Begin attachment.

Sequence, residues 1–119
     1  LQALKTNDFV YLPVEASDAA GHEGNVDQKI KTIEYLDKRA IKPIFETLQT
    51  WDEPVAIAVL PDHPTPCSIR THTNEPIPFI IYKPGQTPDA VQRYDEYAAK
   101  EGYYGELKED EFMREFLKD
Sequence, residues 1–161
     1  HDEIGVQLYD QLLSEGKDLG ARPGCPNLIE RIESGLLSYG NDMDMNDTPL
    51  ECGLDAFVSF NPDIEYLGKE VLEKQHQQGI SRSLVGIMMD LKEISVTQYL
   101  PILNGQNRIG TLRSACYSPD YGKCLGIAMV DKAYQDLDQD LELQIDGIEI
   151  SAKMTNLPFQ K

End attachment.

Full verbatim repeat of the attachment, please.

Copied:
Sequence, residues 1–119
     1  LQALKTNDFV YLPVEASDAA GHEGNVDQKI KTIEYLDKRA IKPIFETLQT
    51  WDEPVAIAVL PDHPTPCSIR THTNEPIPFI IYKPGQTPDA VQRYDEYAAK
   101  EGYYGELKED EFMREFLKD
Sequence, residues 1–161
     1  HDEIGVQLYD QLLSEGKDLG ARPGCPNLIE RIESGLLSYG NDMDMNDTPL
    51  ECGLDAFVSF NPDIEYLGKE VLEKQHQQGI SRSLVGIMMD LKEISVTQYL
   101  PILNGQNRIG TLRSACYSPD YGKCLGIAMV DKAYQDLDQD LELQIDGIEI
   151  SAKMTNLPFQ K